Volume 4 - August 91
"From what I can gather," says Alex Lee of Strangelove, "people do perceive us as really menacing or dark or strange. Or some sort of suicidal, tormented Joy Division revival. But you know... the last the last thing I'd want to be seen as is that kind of fucking dreadful, y'know, worthy but dull whatever."
Out of the pub, 15-odd doors down the Rulham Road in the Maison Rouge studio, the rest of Strangelove are trying to think up titles for their debut EP (due for release on the Sermon label in October). "I think it should be called 'Nail Me To A Tree'," suggest bass player Joe Allen, who talks in a trippy kind of Bristolian slow motion. "Or 'Excuse For Abuse'..."
"But to me," continues Alex, alone here in the boozer, "it's like this is the 'She Loves You' phase of The Beatles. So when we reach the White Album phase, what are people going to think then?
"Having said that," he adds hastily, "I'd be surprised if the band lasted five years. I hope we do. But... er, it doesn't strike me as the most stable environment."
Hunched over a beer in his all-purpose green skinny clothes, Strangelove's singer Patrick is greeting any news with his usual display of uptight economy of emotion. His own 'Zoo'd Out', one of several acoustic tracks which they've yet to feature live, has been deemed the one for Volume. He's pleased.
There's a bit of history to 'Zoo'd Out'. It's the song that finally got Strangelove together, after years of heart-sinking flakiness and (for Patrick) alcohol abuse. It's a peculiar way to make your debut. It sounds like an unusually sad young man looking in from outside at a hedonistic generation; words grimmer than anything Morrissey could have come up with, brushing the pathos of 'Pink Moon' period Nick Drake. It sounds awfully unhappy.
Alex is happy. Strangelove are taking off. The 20 or so gigs they've played so far have caused people to scatter around phrases like "best live band in the country", "weirdest songs I've heard in years" and "is the singer really like that?". People are already infatuated, and meanwhile Strangelove can sit around in Alex's back garden and hang out. They have loads of time to play, and scare, and wow some more.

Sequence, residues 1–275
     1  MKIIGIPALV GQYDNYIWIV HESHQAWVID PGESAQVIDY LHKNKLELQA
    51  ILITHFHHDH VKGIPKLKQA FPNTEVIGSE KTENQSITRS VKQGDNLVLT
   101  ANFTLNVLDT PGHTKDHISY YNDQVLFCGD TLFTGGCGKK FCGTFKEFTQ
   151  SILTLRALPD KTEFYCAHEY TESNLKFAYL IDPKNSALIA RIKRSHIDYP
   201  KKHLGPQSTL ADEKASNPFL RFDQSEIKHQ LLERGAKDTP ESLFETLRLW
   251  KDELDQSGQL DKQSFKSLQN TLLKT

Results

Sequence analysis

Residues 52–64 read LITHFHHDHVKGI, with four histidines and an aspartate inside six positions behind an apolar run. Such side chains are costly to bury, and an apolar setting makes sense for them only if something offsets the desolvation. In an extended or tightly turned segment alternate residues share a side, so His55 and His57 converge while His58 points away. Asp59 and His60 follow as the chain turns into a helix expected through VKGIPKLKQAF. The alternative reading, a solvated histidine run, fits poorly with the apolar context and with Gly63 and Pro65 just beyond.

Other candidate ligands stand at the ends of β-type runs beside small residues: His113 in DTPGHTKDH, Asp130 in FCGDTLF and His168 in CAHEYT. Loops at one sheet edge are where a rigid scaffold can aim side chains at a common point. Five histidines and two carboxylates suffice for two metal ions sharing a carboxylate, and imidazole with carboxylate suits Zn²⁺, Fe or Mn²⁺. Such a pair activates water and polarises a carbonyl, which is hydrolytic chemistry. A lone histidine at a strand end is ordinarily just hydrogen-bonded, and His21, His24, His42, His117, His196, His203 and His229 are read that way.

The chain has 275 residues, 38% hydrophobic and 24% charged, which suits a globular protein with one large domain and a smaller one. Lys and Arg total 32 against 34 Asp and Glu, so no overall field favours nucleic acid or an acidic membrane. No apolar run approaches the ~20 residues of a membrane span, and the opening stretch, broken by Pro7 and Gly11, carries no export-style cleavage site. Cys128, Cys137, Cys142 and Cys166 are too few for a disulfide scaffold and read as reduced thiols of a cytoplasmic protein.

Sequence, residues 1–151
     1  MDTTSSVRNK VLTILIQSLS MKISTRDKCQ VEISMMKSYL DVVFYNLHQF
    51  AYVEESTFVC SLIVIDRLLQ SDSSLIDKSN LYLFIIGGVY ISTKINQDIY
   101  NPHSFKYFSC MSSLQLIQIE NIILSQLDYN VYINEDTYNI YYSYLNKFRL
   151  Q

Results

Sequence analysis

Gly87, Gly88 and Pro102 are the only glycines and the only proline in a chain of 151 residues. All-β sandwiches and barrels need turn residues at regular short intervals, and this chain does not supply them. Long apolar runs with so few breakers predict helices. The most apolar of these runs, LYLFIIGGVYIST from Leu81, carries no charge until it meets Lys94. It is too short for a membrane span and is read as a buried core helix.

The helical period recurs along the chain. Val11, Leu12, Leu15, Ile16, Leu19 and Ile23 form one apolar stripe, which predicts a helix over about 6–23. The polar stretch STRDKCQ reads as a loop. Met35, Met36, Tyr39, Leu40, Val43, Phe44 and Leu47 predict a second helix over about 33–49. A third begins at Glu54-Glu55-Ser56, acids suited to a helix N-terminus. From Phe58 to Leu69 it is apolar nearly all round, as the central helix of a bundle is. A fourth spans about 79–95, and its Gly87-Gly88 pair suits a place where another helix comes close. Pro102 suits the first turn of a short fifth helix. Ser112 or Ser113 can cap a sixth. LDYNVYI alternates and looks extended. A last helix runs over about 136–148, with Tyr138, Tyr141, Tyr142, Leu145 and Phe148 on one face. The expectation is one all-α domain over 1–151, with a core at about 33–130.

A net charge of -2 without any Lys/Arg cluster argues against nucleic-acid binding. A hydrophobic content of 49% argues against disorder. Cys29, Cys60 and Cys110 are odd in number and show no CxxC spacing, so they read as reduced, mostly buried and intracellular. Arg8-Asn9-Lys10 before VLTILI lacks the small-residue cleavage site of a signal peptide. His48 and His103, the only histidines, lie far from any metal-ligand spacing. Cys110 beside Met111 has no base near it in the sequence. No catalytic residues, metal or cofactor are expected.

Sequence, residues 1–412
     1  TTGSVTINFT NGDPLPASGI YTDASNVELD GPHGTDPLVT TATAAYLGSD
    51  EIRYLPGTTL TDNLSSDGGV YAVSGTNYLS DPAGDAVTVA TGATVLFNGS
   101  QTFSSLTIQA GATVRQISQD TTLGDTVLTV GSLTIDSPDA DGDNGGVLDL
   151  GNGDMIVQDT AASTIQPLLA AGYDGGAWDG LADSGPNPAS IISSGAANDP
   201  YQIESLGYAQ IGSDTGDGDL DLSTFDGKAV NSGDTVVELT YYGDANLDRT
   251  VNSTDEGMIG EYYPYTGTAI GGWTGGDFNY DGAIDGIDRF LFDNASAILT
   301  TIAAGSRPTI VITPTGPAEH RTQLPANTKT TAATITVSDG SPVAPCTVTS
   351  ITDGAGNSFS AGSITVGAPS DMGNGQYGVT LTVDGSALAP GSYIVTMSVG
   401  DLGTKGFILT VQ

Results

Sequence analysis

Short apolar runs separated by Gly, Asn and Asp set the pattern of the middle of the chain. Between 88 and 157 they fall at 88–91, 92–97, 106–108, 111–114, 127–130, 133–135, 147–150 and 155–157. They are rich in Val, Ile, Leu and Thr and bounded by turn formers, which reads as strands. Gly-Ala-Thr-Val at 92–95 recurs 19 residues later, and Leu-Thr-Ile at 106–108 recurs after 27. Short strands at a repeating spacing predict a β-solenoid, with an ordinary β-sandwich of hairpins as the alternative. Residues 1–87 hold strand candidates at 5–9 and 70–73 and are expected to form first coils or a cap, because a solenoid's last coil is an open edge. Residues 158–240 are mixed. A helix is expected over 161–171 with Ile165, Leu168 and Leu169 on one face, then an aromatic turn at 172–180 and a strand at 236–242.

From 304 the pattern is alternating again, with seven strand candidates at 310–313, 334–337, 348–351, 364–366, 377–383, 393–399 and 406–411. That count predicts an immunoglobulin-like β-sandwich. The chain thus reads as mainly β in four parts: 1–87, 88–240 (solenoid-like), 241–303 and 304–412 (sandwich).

Nervous virtually to the point of catatonia, Patrick first led Strangelove (then toying with the name Words and Pictures) on to the stage of London's Camden Underworld one night in July last year. They were incredible. This freaked-out kid, crooning pure paranoia over dazzlingly unusual chord structures, while fags were smoked solemnly onstage and eyes unwaveringly levelled from the tiny crowd at the cadaverous, tensed-up shape of Patrick going publicly mad. Without screaming or throwing himself around, he radiated fear, danger and fury. He was unquestionably a huge star of the future, and the band were simply the business: the dark, brooding, immaculate business.
"I don't really like myself," says Patrick at this point, wired up to the necessary level he needs to have an ordinary relaxed conversation. "But I like myself enough to feel that I can make myself something that's good, or something worthwhile. I want to do this, you know? I don't think there's any point in doing what you don't want to do. I mean, that's really obvious, but sometimes you're just left these really obvious things at the end of everything. All your thought patterns."
This is an everyday paragraph for Patrick. He doesn't seem to talk like anyone else, least of all a potential star. Intensity, schmintensity - this guy is stricken. Just to see him onstage is to feel naggingly voyeuristic. Spend 20 minute chatting to him about it all and it's clear that it's authentic. It'll be interesting to see what kind of letter he gets. Will people understand him?
"Well, that's a bit too much to ask. But's that's what I'd like. I've made the words pretty understandable. You know, it's not abstract people. To me it's real people... people that I know, you know? Who don't understand me, who I really hope will get... I dunno... (losing patience) Oh, they won't fucking understand it, they won't give a shit and they won't know what it means. But I always feel that I create scenarios, I suppose, that they will, you know?"
A weird, intuitive, deep-thinking guy, whose onstage mania parallels the demons inside, Patrick talks of being "in" songs, such as 'I Will Burn' - "when I'm in that one, I'm just not here. I'm just those words."
Some weeks ago he got home from a trawl of Bristol's clubs and, as the clock struck two or three, got the old guitar out. Bassist Joe Allen was there, with his girlfriend Catherine (Patrick's sister). Someone suggested Patrick do 'Zoo'd Out'. He played it really sweetly, his rick voice dancing round the strange word, until he came to the bit with the screams.
As it was three in the morning, everyone just assumed he'd leave the screams out. Wrong. He screamed his guts out - horrible animal screams that must have terrified the neighbours. They certainly terrified everyone in the room. Patrick got to the end of the song, and looked up. Everyone was staring at him.
"Sorry," he said, and started to laugh.